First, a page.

AFP has two basic kinds of editors on staff: editors with medical degrees whose primary responsibility is overseeing medical content, and professional wordsmith editors with backgrounds in English or journalism rather than medicine. The two types of editors exist symbiotically because physicians must use words to express their knowledge of medicine, and wordsmiths must understand medicine to clarify the written word. Successful editors stretch as far as they can toward understanding the other discipline.
Becoming an editor for AFP requires tenacity for both the physicians and the wordsmiths. Physicians working on AFP must have an interest in words, and professional editors must have an interest in medicine. Learning the opposite discipline can be a challenge, and the combination isn't for everyone. AFP is a unique journal in that it provides clinical recommendations synthesized from the best available evidence rather than serving as a means of disseminating raw research findings. As CME offerings, AFP's clinical reviews are intended to be read rather than stored and, as such, are meticulously edited rather than poured into a mold. AFP's editors don't come from a mold, either. Most of them are homegrown.
How does AFP grow its editors? One inch at a time. For physician editors, the road usually starts out with training in clinical medicine and work in academic medicine. Physician editors are natural teachers. They may start out by teaching students and working on their own research projects and writing. Those who want more in this direction may become a journal editor. Physician editors learn the trade through apprenticeship with other physician editors, often through the editor's medical editing clerkship and fellowship programs.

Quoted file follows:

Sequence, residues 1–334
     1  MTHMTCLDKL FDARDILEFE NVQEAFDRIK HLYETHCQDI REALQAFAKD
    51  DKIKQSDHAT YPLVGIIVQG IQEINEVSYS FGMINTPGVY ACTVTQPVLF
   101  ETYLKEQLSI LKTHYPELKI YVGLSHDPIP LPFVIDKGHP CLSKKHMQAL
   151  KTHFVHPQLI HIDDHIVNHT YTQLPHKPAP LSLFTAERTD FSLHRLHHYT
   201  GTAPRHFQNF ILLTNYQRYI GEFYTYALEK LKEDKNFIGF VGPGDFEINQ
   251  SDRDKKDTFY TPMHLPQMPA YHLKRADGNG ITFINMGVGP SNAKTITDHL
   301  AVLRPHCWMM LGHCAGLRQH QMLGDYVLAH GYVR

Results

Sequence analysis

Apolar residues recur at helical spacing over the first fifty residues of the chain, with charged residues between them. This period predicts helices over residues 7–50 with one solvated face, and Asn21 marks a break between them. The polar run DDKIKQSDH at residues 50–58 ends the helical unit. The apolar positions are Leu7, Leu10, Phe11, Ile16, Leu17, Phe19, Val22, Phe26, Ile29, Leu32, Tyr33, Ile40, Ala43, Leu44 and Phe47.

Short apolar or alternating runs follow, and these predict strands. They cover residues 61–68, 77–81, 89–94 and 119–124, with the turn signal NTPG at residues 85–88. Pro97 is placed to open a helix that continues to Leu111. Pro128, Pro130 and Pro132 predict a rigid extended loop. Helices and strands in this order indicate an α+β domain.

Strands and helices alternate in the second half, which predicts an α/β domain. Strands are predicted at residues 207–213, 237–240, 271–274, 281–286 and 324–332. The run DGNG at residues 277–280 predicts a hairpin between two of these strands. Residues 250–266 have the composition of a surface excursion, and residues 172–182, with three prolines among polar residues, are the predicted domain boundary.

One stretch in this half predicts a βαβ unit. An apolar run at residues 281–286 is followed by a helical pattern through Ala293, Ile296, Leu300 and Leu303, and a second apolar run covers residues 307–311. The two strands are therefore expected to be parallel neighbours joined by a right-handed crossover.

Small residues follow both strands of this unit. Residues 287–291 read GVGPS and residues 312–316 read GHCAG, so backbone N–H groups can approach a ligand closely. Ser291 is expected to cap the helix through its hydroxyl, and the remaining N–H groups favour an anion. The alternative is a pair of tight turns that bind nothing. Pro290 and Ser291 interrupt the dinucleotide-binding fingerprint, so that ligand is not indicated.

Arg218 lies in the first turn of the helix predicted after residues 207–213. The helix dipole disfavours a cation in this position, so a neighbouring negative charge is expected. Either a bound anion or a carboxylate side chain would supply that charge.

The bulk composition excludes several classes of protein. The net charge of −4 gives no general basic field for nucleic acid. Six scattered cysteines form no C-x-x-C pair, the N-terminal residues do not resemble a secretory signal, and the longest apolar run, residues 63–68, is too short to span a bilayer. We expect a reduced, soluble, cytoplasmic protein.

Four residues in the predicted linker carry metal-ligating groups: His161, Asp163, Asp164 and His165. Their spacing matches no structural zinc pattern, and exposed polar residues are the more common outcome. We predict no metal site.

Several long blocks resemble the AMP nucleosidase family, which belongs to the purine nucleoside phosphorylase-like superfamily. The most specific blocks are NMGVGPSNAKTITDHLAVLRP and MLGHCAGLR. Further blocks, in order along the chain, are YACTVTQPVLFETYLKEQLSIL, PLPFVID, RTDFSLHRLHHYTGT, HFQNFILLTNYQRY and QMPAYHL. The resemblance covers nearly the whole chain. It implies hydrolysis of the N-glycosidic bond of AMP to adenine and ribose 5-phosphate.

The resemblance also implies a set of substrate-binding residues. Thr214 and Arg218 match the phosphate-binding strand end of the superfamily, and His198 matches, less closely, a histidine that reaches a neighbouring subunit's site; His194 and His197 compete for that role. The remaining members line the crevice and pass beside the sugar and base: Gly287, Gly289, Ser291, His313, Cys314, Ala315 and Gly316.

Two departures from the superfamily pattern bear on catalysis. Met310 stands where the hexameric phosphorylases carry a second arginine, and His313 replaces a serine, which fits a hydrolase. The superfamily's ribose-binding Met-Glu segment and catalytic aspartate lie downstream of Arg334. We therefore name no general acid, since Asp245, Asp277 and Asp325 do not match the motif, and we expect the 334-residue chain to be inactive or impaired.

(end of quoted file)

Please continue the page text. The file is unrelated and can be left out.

For many wordsmith editors, the love of the written word comes first, and the love of medicine grows after seeds of curiosity take root. Finding the right wordsmith editor begins with screening applicants with various writing and editing backgrounds. Potential candidates go through screening tests and interviews. Although we don't exactly go out of our way to create a difficult entrance examination, we have learned that our basic editing test stumps unprepared candidates, and many abort the test halfway through. Once a tentative match is found, editors begin the true trial period.
For wordsmiths, learning how to edit clinical topics in medicine is done through an intensive apprenticeship that requires a high degree of motivation. Learning the discipline of medical editing entails learning medical terminology, getting a grasp on medical style as set forth in the AMA Manual of Style and other guides, and gaining a general working knowledge of the field of medicine. Editors seeking instant gratification undoubtedly fail. Successful wordsmith editors are those who love challenge and live the mission of the journal. Some editors go on to earn credentials from the Board of Editors in the Life Sciences (BELS).
In today's workplace, hard work and delayed gratification seem like old-fashioned virtues, but for our physician editors and wordsmith editors, the reward is producing 24 issues of AFP per year with the goal of boosting the ability of family physicians to care for their patients. How are we doing?